Although it seems like an innovation that should have occurred years ago, the stage appears to be setting for the connected car to come to fruition, opening up a market that could surpass $131 billion in the next six years, according to a new report from Transparency Market Research.
The signs of this growth, which TMR forecasts at a 34.7% compound annual growth rate from 2013 to 2019, have materialized in the market slowly in the past year or so, with Chevy boasting in-car 4G LTE in TV commercials this summer. General Motors was hardly the first car maker to offer in-car LTE or Wi-Fi, joining the likes of Ford, Chrysler, and Audi in the race to meet a suddenly burgeoning demand. A J.D. Power and Associates survey from earlier this year found that 38% of respondents in the market for U.S.-built cars identified "the latest technology features" as a key selling point.
Greasing the wheels for this transition to a connected car ecosystem is a new set of Ethernet chips and software designed specifically for cars. As Computerworld’s Lucas Merian pointed out, Freescale’s Ethernet-focused connectivity suite for the car would mark a significant improvement over the more common CAT 5 cables and could open the door to a much more richly connected car. Not only will personal devices be able to connect to Wi-Fi, but the cars themselves could come equipped with connected devices, opening up an entirely new platform for applications.
These advances immediately bring to mind the basic content streaming and web browsing that could now be easier in the car. Parents taking their children on long road trips are surely excited to connect tablets or seat-mounted displays to Netflix or Amazon Instant Video, and the ability to stream Pandora or Spotify without running up a wireless bill or losing cellular coverage sounds like a death knell for the AM/FM radio. But the implications go much farther than that.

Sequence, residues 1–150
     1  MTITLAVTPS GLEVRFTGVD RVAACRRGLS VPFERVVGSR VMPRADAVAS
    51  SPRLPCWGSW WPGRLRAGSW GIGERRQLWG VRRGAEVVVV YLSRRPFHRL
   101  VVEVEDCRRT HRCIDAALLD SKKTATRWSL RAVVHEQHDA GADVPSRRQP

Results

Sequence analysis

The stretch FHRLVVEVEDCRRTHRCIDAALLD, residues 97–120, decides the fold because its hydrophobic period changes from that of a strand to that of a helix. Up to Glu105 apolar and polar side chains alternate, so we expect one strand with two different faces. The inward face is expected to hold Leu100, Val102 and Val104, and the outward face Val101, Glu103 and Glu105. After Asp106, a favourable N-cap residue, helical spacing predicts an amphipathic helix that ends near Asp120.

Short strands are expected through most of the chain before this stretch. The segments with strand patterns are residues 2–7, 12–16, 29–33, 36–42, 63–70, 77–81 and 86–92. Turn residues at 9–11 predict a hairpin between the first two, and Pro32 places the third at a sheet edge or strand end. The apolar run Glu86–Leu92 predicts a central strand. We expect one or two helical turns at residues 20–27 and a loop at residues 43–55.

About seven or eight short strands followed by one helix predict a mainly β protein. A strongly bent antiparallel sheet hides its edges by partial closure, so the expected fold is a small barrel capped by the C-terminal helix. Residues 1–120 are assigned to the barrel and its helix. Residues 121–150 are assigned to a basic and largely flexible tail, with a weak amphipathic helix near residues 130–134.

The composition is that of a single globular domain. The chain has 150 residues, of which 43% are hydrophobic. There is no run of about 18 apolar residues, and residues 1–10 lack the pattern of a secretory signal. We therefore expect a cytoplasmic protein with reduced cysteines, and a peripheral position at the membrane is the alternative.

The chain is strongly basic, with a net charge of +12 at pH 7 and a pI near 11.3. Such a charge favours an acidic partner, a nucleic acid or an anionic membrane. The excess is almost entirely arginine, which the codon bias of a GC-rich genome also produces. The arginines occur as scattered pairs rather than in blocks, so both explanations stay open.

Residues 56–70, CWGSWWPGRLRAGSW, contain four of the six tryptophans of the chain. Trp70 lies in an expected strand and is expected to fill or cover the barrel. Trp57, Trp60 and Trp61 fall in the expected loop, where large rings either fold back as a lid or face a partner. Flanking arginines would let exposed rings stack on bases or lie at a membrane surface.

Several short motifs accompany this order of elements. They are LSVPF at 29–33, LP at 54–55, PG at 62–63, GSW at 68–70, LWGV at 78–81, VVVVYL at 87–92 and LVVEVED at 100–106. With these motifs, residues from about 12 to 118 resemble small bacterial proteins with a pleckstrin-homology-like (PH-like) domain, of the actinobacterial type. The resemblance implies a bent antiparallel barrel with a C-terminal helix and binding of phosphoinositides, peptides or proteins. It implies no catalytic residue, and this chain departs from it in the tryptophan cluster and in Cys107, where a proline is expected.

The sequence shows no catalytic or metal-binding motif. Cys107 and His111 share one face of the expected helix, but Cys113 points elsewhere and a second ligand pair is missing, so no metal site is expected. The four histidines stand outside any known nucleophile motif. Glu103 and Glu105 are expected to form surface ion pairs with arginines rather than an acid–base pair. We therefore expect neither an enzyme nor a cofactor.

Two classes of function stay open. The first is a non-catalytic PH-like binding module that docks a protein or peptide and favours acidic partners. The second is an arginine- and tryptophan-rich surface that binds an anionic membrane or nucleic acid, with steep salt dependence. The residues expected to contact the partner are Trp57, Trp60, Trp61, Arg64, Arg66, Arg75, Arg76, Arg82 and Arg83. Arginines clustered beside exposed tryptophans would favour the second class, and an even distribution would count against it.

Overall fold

Wi-Fi connectivity for cars would make for a more accurate vehicle tracking systems, which could help combat auto theft and in emergency situations. In Brazil, a government plan to battle the country’s exceptionally high auto theft rates turned to vehicle tracking technology. This capability has long been available in the U.S. through add-on devices and services, but could become standard, and more effective, once cars are outfitted to accommodate high-bandwidth processes.
Beyond that, however, simply connecting cars to the internet means a new source of data showing where and how people drive. And where there is data, there will be advertisers ready to use it every way they can imagine. Connecting cars to the internet means digital advertisers could effectively re-double their efforts in the smartphone market. For example, digital beacon technology, which recognizes nearby smartphones and can push information like promotions or advertisements to them through Bluetooth low energy, is a huge opportunity for retailers and advertisers. It’s not a big leap to imagine a similar technology alerting drivers when they drive by their favorite fast food restaurants or retail stores.
Of course, a lot of details still need to be ironed out, the most important being how drivers react to the connected car. Beacons for smartphones are still untested waters, and it remains to be seen whether smartphone users will really take advantage of them. Whether people want to be subjected to promotions and advertisements while they’re driving is a big question. And there’s always the privacy issue, although that didn't really slow down progress in the smartphone market.
Still, the introduction of Ethernet technology designed for the car is an encouraging sign for a market that is ripe for growth.